New diet strategy could protect obese women's hearts

Kathleen Blanchard's picture
Larger less frequent meals could protect women's hearts, finds new study

New research finds obese women might cut their risk for heart disease by eating three larger meals a day versus frequent small meals. According to the study results, eating 3 meals a day lowered blood fats, compared to all-day snacking that can sometimes lead to less healthy eating.

Investigators for the study looked at data to understand if eating small, frequent meals throughout the day is metabolically healthy. They discovered there is little scientific evidence to support the claim.

When they tested blood glucose and fat levels among women who consumed 1500 calorie meals for 2 days, they found eating three meals led to significantly lower levels of fat associated with eating 3 larger meals a day.

The women either consumed three 500 calories liquid meals or six 250 calorie meals for comparison. The study included 8 obese women and took place over a period of two days throughout 12-hour time frames.

Tim Heden, the study's lead author, explained in a press release that lack of research led to the study, "...which is one of the first to examine how meal frequency affects insulin and blood-fat levels in obese women during an entire day of eating.”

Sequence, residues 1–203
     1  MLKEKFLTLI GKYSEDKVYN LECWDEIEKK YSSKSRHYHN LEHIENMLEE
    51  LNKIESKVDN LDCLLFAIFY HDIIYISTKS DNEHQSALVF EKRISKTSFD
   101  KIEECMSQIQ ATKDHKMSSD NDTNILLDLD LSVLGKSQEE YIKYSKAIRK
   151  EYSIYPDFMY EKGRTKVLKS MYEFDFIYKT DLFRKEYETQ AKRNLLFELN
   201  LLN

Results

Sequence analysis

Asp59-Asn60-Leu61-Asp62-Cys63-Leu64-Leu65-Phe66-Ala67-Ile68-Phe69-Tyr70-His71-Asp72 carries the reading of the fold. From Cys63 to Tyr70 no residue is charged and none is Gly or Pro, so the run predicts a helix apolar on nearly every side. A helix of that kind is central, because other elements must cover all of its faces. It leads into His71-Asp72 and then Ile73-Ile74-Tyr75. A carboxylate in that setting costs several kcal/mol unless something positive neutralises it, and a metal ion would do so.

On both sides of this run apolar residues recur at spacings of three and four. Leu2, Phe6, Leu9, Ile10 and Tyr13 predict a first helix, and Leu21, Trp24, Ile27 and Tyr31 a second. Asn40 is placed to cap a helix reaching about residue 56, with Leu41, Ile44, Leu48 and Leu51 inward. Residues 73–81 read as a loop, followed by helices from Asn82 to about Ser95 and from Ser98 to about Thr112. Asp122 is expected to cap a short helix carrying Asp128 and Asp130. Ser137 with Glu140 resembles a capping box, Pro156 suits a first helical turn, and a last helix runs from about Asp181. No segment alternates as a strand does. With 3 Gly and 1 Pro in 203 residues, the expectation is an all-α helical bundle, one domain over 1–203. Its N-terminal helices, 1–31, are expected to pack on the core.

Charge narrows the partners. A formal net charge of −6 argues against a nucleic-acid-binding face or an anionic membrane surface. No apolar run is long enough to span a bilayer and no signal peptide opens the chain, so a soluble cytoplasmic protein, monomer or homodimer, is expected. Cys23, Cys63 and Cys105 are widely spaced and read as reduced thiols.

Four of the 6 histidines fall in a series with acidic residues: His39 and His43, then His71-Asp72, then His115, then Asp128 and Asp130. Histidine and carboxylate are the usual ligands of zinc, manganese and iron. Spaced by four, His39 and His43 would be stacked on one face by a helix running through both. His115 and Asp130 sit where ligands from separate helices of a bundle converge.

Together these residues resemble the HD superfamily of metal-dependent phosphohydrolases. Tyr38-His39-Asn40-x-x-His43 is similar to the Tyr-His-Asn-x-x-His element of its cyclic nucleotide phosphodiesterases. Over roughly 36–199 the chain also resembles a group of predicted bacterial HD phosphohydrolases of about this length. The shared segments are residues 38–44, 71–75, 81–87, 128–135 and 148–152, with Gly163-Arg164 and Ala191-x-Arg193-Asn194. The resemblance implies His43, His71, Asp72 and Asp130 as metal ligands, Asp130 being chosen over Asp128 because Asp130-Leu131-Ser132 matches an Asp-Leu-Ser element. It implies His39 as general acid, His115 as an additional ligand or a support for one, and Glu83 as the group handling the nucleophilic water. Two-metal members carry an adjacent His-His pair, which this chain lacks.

The hope says Heden, is that the study results will help nutritionists and other medical practitioners develop strategies to keep obese women healthier.

Finding ways to lose weight to lower risk of high blood pressure and cardiovascular disease can be challenging. According to the Centers for Disease Control and Prevention, one-third of Americans are overweight or obese. Heart disease is a leading cause of death in the United States.

Women who experience a heart attack are more likely to die than men according to recent findings presented at the Acute Cardiac Care Congress 2012, Obesity is a known risk factor for heart disease. Researchers still aren’t clear about the reasons for outcomes between men and women who suffer heart attack or myocardial infarction (MI).

Jill Kanaley, professor in the Department of Nutrition and Exercise Physiology and study co-author points out that it’s difficult for some people to eat healthy snacks and most people are taking in too many calories.” If you sit down to eat frequently you’re probably going to take in more calories.”

The finding suggests a new diet strategy for obese women that may lead to better heart health. Eating frequent small meal may not be the best approach for metabolic health.

News Bureau: University of Missouri
December 6, 2012

Image credit: Morguefile